11 Is DDT still used today?

12 DDT is still used in some countries for insect control on crops.
YES DDT is still used in some countries for insect control on crops. In countries where mosquitoes carry malaria, DDT is currently used for mosquito control. In some countries, DDT is still applied to crops or to wetlands for general insect and mosquito control. After DDT is applied, some DDT residue remains on the plant material and some washes off the plant into the soil eventually making its way to a body of water. The DDT that remains on the leaves of plants is taken up by primary consumers such as insects and rodents. As for the DDT that has washed into a stream, river or lake, it enters the food chain through consumption by bottom-feeding fish or through absorption by fish gills and skin. *

13 What is a Food Web? At this point it may seem that a completely new topic is being introduced. To transition to the explanation of food webs, ask students how the toxicity of DDE is related to food webs. *

14 Food Web = A summary of the feeding relationships within an ecological community.
Osprey Sucker Trout In lesson three the students will work with an osprey dataset. To familiarize students with some of feeding habits of osprey,the example food web focuses on osprey. For additional information about osprey refer to the osprey information sheet. The osprey is often mistakenly called the fish hawk or fish eagle. Historically, ospreys were reported as numerous, nesting in forested areas near water because they favored dead trees or trees with flat or dead tops. Unlike most birds of prey, osprey are tolerant of human activities and will build nests on almost any suitable structure close to water and with an abundant supply of fish. Ospreys are able to catch fish by hovering, and then plunging three feet into the water to capture fish. Their dense oily feathers make them suited to repel water and quickly regain flight. USGS Osprey in Oregon and the Pacific Northwest. USGS FS ☺ Students will be asked to define food web on their worksheet. Silverside Bay Shrimp Water Plants Plankton ORGANIC DEBRIS *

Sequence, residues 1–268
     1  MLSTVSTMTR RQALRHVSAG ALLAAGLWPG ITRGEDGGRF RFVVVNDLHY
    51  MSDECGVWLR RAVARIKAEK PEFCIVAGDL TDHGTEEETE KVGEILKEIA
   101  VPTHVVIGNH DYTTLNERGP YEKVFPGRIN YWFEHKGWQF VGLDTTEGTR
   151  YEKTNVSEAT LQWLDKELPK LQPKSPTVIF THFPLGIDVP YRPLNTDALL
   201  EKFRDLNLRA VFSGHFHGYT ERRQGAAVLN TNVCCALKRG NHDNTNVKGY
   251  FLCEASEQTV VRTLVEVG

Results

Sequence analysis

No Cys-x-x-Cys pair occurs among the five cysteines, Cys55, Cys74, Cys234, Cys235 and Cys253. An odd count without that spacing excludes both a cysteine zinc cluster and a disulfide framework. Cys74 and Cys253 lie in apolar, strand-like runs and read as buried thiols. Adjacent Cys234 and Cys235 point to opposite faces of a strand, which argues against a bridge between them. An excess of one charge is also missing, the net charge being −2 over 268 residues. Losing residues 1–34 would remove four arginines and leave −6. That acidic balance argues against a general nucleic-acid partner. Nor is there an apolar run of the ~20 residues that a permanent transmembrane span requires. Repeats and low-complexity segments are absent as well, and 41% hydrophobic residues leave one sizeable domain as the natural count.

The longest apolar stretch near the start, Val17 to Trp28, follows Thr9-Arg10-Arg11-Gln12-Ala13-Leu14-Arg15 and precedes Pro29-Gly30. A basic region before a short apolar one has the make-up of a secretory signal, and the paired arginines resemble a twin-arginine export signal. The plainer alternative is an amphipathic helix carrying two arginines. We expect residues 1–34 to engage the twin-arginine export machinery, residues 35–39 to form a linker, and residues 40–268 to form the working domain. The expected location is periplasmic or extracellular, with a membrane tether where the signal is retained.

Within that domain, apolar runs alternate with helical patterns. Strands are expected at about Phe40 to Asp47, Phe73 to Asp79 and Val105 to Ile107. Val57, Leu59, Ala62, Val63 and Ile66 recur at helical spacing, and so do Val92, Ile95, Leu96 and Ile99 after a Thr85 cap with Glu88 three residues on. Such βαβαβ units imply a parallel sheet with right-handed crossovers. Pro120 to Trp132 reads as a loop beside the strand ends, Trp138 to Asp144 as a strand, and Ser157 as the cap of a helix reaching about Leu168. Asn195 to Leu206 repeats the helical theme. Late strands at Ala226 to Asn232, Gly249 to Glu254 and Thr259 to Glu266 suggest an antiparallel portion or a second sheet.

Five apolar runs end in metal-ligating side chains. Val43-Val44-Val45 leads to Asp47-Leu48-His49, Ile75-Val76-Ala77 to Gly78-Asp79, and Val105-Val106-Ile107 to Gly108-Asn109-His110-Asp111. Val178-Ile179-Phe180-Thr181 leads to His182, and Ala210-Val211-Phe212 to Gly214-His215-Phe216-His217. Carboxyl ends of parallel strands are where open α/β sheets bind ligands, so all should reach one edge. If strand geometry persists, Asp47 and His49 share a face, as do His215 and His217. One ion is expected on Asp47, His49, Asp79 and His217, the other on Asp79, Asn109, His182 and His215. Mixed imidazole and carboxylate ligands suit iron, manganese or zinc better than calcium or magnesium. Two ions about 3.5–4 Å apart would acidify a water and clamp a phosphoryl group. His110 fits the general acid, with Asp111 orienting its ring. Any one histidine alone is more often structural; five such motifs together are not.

15 Food Chain = One thread of the food web
Osprey Large Mouth Bass This is the same picture of food web but with one chain highlighted. It is assumed that most students are familiar with the basic concept of food webs and food chains. If food webs and food chains are new material, please refer to the suggested reading site for additional information. The following website also has additional information about food webs: Crayfish ORGANIC DEBRIS *

16 Cast of Food Web Characters
Tertiary Consumers – Animals that eat animals that eat animals Secondary Consumers – Animals that eat animals that eat plants Primary Consumers – Animals that eat plants Primary Producers – Plants and Phytoplankton: organisms using the sun for energy ☺ Students have a copy of this pyramid on their worksheet and are to identify primary producers, primary consumers, secondary consumers, and tertiary consumers. *